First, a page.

While most countries will have a favoured sport, not all of them will have an officially appointed national sport. In fact, there are only fourteen countries across the world that do have one. For the most part a national sport will be the favoured one in that country. Amongst the most popular are football, basketball and crickets. All world-famous sports. However, some countries will have unusual sports that are a part of their heritage. Here’s a selection of officially appointed national sports:
1. Argentina – Pato
Pato is an old Argentinian game that is played on horseback. It can only be described as Polo mixed with Basketball. Teams of four battle for a ball and try and throw it through a vertical hoop. While the game is safe in modern times, it has a history of being violent. It’s first origins date back to 1610 when instead of a ball a live duck was used.
2. Brazil – Capoeira
Capoeira is a martial art that is described as a mix between music, dance and acrobatics. The sport has a turbulent history in the country. It was started by African slaves, once slavery was abolished they would use it for jobs such as security. The sport was then banned 1890 as race relations in the country worsened. However, in 1972 it became the national sport of the country.
3. Canada – Lacrosse and Ice Hockey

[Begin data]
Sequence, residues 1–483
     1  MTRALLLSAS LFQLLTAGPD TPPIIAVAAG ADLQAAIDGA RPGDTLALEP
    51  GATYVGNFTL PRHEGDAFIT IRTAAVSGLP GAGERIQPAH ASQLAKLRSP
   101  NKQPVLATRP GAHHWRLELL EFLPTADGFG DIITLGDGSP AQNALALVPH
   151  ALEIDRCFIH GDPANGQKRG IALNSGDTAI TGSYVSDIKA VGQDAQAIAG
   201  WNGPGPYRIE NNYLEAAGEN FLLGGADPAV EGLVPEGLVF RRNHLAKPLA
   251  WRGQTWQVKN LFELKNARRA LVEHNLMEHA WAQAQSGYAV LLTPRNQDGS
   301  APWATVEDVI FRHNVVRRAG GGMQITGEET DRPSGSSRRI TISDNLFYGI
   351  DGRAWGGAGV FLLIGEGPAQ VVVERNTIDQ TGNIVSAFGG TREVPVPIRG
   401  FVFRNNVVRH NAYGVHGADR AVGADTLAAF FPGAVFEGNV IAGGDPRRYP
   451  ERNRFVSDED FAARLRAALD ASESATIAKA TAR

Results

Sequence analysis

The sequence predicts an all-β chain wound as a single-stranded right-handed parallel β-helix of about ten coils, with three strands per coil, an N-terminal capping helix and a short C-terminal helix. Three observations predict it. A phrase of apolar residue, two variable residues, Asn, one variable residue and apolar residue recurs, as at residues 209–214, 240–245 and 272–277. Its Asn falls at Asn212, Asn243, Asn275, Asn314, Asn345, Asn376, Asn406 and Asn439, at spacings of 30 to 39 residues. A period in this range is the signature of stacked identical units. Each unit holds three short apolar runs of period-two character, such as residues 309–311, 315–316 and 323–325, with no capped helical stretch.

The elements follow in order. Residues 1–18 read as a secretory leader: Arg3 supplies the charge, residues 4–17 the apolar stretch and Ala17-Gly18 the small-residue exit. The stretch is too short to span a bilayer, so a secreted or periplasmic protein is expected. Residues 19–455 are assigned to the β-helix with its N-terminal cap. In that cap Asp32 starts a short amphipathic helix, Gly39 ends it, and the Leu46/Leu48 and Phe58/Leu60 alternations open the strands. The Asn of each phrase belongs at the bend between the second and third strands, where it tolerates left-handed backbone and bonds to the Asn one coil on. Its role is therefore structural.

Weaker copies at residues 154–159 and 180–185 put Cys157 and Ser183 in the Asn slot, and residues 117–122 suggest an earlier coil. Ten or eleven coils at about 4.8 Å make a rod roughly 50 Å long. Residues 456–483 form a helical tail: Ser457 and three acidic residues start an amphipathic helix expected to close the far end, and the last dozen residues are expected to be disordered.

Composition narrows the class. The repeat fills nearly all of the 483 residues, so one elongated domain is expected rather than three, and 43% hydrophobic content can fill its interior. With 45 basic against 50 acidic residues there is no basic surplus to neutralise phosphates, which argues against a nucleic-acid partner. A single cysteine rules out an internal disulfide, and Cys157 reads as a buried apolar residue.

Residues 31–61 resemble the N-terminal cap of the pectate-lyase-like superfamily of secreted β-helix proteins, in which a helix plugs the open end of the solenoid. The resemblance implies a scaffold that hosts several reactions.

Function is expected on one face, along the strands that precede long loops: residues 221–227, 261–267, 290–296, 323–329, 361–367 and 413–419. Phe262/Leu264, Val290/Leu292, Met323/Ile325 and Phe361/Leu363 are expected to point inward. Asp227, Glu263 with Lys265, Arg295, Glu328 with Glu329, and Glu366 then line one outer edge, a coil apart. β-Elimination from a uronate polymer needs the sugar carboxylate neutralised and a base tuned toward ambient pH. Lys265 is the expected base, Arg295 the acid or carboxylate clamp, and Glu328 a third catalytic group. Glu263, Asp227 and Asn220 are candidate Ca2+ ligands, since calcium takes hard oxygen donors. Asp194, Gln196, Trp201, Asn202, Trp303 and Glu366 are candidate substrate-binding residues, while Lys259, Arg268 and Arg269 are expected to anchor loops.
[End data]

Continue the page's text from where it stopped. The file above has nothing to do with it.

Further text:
While most countries won’t even have one official national sport, Canada has two. They have a national sport for summer (lacrosse) and one for winter (ice hockey). While the sport of lacrosse originates from the indigenous people of North America, the rules of the game were developed in Canada. Both sports were recognised as official at the same time, back in 1994.
4. Colombia – Tejo
Tejo’s aim is to hit a metal pipe with a metal disc across an alleyway. The distance is set at around 20 metres and that is certainly an unusual sport. What is even more unusual about it is that nobody really knows where it originates from. Though it is nearly unanimously agreed that it began in Colombia.
5. Nepal – Dandi Biyo
Dando Biyo is the national sport of Nepal. The aim of the game is to catch a pin. A wooden pin is laid across a four inch hole in the ground. One end of a stick is then placed in the whole while another player holds the other end. As the two players jostle the stick, the pin will be flicked up, as players attempt to catch it and win the game.